Ken Davidoff of New York’s Newsday has some predictions — we’ll call them educated guesses — as to how the Mets will adjust their management and upper management situations this offseason.
First, Davidoff says that general manager Omar Minaya “very likely will be” reassigned to a different tole and that Jerry Manuel “won’t be back as manager.” Davidoff expects those moves to be made on October 4 or 5, right after the regular season ends.
As for replacements? The Mets, according to Davidoff, will probably pull a person from outside the organization to head up baseball operations. Manuel’s post, however, is “more likely” to go to a candidate with ties to the Mets, like a Wally Backman or maybe even Bobby Valentine.
Valentine managed the Mets from 1996 to 2002 and hasn’t played the role of skipper in the majors since his firing. But any bad blood between the organization and Bobby V has likely faded over the last eight years.
Backman was a popular player in Queens back in the 80s and is currently managing the Brooklyn Cyclones, a Mets affiliate. The higher-ups in the organization “seem to think he’s ready,” according to Davidoff, and he should come at a much lighter salary than Valentine.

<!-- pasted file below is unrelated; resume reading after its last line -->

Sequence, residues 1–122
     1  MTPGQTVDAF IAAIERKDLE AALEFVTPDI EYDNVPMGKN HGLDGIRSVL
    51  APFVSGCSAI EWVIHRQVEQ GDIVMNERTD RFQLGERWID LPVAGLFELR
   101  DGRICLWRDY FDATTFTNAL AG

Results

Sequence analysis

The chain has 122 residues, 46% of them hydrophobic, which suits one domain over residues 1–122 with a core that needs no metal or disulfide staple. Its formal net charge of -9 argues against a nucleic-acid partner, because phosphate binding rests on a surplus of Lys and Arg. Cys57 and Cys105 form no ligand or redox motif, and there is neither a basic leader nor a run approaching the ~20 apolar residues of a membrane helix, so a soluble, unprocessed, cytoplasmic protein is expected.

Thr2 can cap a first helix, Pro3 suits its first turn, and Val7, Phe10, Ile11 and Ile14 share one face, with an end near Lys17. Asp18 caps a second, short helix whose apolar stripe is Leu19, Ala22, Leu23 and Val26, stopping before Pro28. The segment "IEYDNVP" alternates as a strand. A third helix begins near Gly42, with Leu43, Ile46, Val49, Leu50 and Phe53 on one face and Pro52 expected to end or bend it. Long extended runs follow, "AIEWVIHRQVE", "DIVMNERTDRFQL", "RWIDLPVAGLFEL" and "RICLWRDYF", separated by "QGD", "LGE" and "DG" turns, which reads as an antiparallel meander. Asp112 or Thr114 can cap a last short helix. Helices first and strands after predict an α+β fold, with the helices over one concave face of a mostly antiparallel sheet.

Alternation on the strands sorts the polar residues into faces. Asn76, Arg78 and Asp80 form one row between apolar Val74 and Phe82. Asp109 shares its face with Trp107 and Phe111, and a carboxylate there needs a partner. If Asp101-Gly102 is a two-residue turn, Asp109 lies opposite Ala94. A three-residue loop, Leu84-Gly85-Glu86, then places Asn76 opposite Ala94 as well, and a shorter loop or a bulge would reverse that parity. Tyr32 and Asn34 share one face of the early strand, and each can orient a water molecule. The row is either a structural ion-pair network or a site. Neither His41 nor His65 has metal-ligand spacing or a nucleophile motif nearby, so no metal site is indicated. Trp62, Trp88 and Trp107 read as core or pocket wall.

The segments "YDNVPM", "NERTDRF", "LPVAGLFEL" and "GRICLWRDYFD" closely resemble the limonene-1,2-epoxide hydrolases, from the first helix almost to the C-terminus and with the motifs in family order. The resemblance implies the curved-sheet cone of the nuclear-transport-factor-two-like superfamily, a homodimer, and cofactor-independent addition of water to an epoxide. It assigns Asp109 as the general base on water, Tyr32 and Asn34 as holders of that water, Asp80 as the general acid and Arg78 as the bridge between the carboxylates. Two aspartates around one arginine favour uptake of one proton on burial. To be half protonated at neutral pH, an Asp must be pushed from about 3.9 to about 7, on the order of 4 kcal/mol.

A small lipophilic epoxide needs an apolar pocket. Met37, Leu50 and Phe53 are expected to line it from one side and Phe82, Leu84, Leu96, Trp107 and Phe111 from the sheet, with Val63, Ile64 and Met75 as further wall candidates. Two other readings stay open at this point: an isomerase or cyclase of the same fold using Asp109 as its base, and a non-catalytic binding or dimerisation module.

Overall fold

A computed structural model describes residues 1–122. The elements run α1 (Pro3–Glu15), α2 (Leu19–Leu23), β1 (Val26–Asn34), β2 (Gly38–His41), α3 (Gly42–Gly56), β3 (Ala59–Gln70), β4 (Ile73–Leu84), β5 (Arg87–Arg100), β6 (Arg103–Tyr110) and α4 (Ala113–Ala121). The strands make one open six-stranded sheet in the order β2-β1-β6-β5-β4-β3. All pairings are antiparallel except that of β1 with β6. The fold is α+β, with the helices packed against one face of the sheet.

This is sure to be a hot news item into early October. We’ll keep you updated on any kind of movement.
The Orioles singlehandedly kept the rumor mill churning this weekend. MLB Network’s Jon Morosi reports that the club is interested in making a play for free agent right-hander Lance Lynn, adding him to a list of potential candidates that also includes free agent righty Alex Cobb. The two are expected to command similar contracts in free agency, but Morosi notes that the Orioles may prefer Cobb based on his familiarity with the AL East.
Lynn, 30, is two years removed from Tommy John surgery on his right elbow. Despite missing the 2016 season, he bounced back with a respectable 11-8 record in 33 starts and complemented his efforts with a 3.43 ERA, 3.8 BB/9 and 7.4 SO/9 over 186 1/3 innings for the 2017 Cardinals. He lost several days with a blister on his pitching hand in early September, but managed to avoid any major injuries and can reasonably be expected to shoulder another heavy workload in 2018.
Lynn may not be the Orioles’ first choice to beef up their starting rotation, but there’s no doubt that he’ll be in high demand as one of very few viable starters on the market this winter. The veteran righty rejected his one-year, $17.4 million qualifying offer from the Cardinals on Thursday and will likely be seeking a multi-year contract, one that Derrick Goold of the St. Louis Post-Dispatch estimates around five years and $100+ million. If the Orioles are willing to bite that bullet, they’ll still need to compensate the Cardinals with their third pick in next year’s draft.